Special Issue of the Journal of Child Custody: Domestic Violence Issues in Child Custody
Drozd, Leslie. (2009). Editoral. Journal of Child Custody, 6, 163–164.
Stahly, Geraldine B. (2009). Introduction to the Special Issue on Domestic Violence Issues in Child Custody. Journal of Child Custody. 6(3), 165–168.
Provides an introduction to a special double issue of the Journal of Child Custody. This issue deals with issues regarding violence and abuse, such as the merits of gender theories of family violence versus the more recent gender neutral models; whether the phenomenon called parental alienation exists as a measurable and useful concept in the evaluation of families in custody disputes; and the relationship between victimization and estrangement.
Jaffe, Peter G., Crooks, C.V., & Bala, N. (2009). A Framework for Addressing Allegations of Domestic Violence in Child Custody Disputes. Journal of Child Custody. 6(3), 169-188. [link]
Abstract: The dominant philosophy in family court emphasizes cooperative solutions between separating parents who are encouraged to put their conflicts behind them. For the majority of separating families, this collaborative approach will best serve their children. However, cases involving domestic violence require a paradigm shift, with a greater focus on making a parenting plan that protects victims and children, and less emphasis on speedy, cooperative outcomes. This paper presents a framework for addressing domestic violence through a tiered assessment strategy and an accompanying intervention framework depicted by off-ramps from a freeway (as an analogy in this case to the substantial momentum towards collaborative settlements). These off-ramps for domestic violence and high-conflict cases do not suggest a one-size-fits-all solution within these categories; rather, they mark a departure point from which a wide range of solutions may be considered. Policy and practice implications of this paradigm shift are highlighted.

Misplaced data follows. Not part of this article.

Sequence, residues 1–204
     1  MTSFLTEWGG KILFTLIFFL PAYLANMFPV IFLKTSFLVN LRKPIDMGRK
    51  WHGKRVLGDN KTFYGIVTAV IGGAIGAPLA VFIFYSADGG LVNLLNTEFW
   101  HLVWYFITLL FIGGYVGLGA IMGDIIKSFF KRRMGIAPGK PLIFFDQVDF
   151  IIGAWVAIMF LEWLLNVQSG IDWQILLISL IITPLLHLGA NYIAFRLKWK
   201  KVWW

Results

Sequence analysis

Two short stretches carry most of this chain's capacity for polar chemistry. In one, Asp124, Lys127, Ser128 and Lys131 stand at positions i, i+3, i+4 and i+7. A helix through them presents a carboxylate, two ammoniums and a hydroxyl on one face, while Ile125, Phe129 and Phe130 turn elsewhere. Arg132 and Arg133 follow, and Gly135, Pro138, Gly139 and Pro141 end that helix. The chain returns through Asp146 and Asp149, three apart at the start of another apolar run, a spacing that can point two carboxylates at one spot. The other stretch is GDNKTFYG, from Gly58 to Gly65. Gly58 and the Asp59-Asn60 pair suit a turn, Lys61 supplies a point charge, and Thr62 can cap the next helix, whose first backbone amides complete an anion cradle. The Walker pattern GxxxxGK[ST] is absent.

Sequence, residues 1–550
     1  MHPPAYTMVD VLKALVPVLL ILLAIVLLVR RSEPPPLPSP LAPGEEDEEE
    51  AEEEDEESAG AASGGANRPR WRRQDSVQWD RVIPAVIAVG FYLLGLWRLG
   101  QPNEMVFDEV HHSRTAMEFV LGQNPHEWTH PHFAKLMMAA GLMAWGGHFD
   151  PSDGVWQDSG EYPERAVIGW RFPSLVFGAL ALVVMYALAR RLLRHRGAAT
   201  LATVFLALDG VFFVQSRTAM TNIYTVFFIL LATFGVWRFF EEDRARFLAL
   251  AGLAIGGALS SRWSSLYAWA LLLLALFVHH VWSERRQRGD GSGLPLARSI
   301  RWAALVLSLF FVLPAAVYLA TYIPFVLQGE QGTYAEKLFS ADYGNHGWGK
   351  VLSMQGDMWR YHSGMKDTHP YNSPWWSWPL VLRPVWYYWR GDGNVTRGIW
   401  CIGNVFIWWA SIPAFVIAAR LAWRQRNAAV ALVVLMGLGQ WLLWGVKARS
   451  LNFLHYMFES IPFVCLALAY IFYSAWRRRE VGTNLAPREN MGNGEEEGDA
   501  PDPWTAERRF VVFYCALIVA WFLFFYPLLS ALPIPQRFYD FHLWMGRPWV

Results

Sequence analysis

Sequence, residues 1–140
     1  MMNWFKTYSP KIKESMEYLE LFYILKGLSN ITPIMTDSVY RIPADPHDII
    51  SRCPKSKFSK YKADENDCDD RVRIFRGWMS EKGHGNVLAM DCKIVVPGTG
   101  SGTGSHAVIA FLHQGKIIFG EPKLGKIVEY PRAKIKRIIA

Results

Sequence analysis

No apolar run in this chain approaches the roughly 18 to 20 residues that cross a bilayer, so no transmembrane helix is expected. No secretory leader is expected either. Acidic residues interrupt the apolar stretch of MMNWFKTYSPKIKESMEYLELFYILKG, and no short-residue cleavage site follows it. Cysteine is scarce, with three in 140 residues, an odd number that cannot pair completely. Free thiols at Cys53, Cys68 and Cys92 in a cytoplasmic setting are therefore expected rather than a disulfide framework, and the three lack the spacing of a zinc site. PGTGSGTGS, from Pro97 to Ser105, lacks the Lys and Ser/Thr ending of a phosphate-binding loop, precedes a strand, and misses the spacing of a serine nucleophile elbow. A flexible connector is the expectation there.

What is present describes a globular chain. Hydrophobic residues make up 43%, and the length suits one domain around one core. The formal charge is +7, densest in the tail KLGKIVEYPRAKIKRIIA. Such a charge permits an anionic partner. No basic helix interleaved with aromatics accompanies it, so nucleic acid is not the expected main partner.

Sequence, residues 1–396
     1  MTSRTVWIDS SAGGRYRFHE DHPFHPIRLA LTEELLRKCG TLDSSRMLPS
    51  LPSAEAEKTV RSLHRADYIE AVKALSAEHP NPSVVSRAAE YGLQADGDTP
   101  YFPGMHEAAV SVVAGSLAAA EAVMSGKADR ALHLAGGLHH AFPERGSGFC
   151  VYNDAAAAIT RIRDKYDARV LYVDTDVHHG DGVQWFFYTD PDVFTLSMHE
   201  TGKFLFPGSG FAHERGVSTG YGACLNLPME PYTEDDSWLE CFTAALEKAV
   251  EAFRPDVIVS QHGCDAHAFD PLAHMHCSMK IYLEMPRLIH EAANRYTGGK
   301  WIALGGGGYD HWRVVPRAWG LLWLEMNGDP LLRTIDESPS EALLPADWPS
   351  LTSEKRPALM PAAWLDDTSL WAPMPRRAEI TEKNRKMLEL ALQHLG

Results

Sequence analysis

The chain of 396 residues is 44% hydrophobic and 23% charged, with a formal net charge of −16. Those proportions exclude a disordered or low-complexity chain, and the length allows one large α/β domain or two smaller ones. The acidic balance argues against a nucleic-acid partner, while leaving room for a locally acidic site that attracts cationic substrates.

Geffner, Robert, Conradi, L., Geis, K., & Aranda, M. B. (2009). Conducting Child Custody Evaluations in the Context of Family Violence Allegations: Practical Techniques and Suggestions for Ethical Practice. Journal of Child Custody. 6(3), 189–218. [link]
Abstract: A review of the literature (i.e., Austin, 2001) and the daily practice of conducting child custody evaluations has revealed that there is an inadequacy assessing and incorporating family violence issues, including both partner and child abuse, into the context of a child custody evaluation when such allegations occur. The National Council of Juvenile and Family Court Judges has published attempts to address the lack of adequate assessments in family violence cases (e.g., Dalton, Drozd, & Wong, 2006), however more needs to be done. The current article discusses the existing approaches in conducting child custody evaluations when family violence is alleged and provides suggestions and practical techniques for adequately considering these issues in an evaluation. The various assessment and interview techniques that can be utilized in these complex custody evaluations are presented. The techniques discussed should aid child custody evaluators, attorneys, and judges in dealing with these complex cases, such that proper techniques can be followed to arrive at appropriate recommendations. If an evaluator conducts a child custody evaluation in a case where there are allegations of family violence but does not have specific training or expertise in this area, ethical concerns and questions arise.
LaViolette, Alyce. (2009). Assessing Intimate Partner Violence: A Context Sensitive Aggression Scale. Journal of Child Custody. 6(3), 219-231. [link]
Abstract: In the late 1970s and early 1980s, researchers began exploring the differences in men who physically abused their female intimate partners. Since that time, there has been an emergence of research on that topic which has led to the development of batterer typologies. These men were identified around the issues of behavioral characteristics, traits, emotional responses, and experiences. Shelter advocates, for the most part, have presented a relatively one-dimensional view of abusive men based on their experiences with battered women and their children. This author proposes a continuum of aggressive acts with the intention of creating a context that could aid in assessment and intervention when intimate partner violence (IPV) is an issue. The continuum contains acts of aggression that may occur without a context or pattern of abuse.